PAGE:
Now that Airbus’ new A380 has finally started crisscrossing the world’s already busy skies, all eyes are on Boeing’s response to the European plane-maker’s much-hyped Superjumbo. Contrary to expectations, Boeing has opted for a mid-sized, wide-body jetliner carrying between 210 and 330 passengers (as opposed to the colossal A380 that seats up to 853). The twin-engine B787 may be dwarfed by the A380 in size, but is revolutionary in other aspects. In addition to new-generation engines and avionics, the B787, nicknamed Dreamliner, is the first ever “plastic plane” – an innovation has been a point of pride for Boeing but a subject of skepticism and ridicule from its detractors.
Instead of traditional metal, lighter and stronger composite materials – 35 tons of carbon fiber-reinforced plastic to be exact – are used to build each B787, including its entire fuselage as well as wings, tail, doors and interior. The result, according to Boeing, is a plane at least 20 percent more fuel-efficient than its rivals, a very appealing selling point when crude oil prices are hovering around USD 100 per barrel.
Passengers are likely to appreciate the B787 for its roomy cabin design (38cm wider than current competing models). They will also be able to see the horizon through larger cabin windows with higher eye level and futuristic auto-dimming features; breathe more easily in cleaner air provided by an advanced air-conditioning system; and enjoy a quieter ride thanks to new engine noise-reducing technologies.
Both Airbus and Boeing agree on the continuation of rapid growth in worldwide air travel, but their responses reveal their clashing views on the future trend. Airbus sees major airlines ferrying more and more passengers through their already-crowded mega-hubs to cope up with the rising demand – thus the need for the Superjumbo. Boeing, however, anticipates more travelers trying to avoid those congested hubs, opting instead for point-to-point service between smaller cities. So-called “thin long-haul routes” like Chengdu-Los Angeles and Beijing-Denver are already being touted as ideal for the B787 because of its operational efficiency.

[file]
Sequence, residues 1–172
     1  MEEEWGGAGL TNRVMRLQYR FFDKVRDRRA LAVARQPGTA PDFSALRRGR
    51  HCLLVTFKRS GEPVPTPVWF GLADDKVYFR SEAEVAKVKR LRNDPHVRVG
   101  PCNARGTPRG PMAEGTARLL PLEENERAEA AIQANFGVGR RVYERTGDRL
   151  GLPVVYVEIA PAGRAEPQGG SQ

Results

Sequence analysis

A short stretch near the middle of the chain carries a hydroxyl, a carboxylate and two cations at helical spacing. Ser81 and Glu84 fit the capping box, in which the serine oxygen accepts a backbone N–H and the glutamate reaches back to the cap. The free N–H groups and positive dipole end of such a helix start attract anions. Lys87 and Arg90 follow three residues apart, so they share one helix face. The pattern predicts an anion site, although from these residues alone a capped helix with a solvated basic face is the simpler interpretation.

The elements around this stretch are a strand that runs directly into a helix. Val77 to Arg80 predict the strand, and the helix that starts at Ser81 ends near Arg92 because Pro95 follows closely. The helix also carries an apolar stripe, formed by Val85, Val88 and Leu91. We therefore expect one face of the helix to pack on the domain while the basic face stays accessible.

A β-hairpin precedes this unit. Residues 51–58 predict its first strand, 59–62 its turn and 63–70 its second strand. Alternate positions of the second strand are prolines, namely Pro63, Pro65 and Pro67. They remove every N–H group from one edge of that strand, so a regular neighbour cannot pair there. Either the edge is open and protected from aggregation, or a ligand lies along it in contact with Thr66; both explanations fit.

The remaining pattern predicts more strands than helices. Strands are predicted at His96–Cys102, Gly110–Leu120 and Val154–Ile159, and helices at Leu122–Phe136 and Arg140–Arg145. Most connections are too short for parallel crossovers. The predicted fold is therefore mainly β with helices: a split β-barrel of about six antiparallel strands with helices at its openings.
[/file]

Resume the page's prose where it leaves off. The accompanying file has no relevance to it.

Each manufacturer’s bet on its prediction is a multi-billion-dollar one, and it’s still way too early to declare the winner. So far the B787 has a leg up with some 50 airlines placing more than 800 orders, making it the fastest-selling wide-body jet ever before entry into service. The A380, in contrast, has logged fewer than 200 orders from 18 customers. But the B787 has suffered a blow as Boeing had to announce that, due to production delay, the first Dreamliner won’t be delivered to its launch customer All Nippon Airways (ANA) until December 2008, six months behind schedule.
That’s bad news for the five Chinese airlines (Air China, China Eastern, China Southern, Hainan and Shanghai) that combined have ordered almost 60 B787s. They had planned to start flying the shiny new plane to Beijing before the Olympics. Unfortunately for the airlines, the Games’ slogan is now more like “One World, No Dream(liner).” Steven Jiang
This article was originally published on page 38 of the January 2008 issue of That's Beijing magazine.